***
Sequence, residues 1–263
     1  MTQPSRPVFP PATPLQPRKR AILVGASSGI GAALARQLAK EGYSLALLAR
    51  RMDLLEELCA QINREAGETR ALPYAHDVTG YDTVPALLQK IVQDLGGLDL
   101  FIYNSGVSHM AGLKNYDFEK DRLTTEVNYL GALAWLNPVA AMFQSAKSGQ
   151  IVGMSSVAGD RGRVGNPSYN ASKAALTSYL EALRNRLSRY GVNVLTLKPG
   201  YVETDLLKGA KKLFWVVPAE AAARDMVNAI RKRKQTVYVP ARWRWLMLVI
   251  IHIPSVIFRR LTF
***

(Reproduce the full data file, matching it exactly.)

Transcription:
Sequence, residues 1–263
     1  MTQPSRPVFP PATPLQPRKR AILVGASSGI GAALARQLAK EGYSLALLAR
    51  RMDLLEELCA QINREAGETR ALPYAHDVTG YDTVPALLQK IVQDLGGLDL
   101  FIYNSGVSHM AGLKNYDFEK DRLTTEVNYL GALAWLNPVA AMFQSAKSGQ
   151  IVGMSSVAGD RGRVGNPSYN ASKAALTSYL EALRNRLSRY GVNVLTLKPG
   201  YVETDLLKGA KKLFWVVPAE AAARDMVNAI RKRKQTVYVP ARWRWLMLVI
   251  IHIPSVIFRR LTF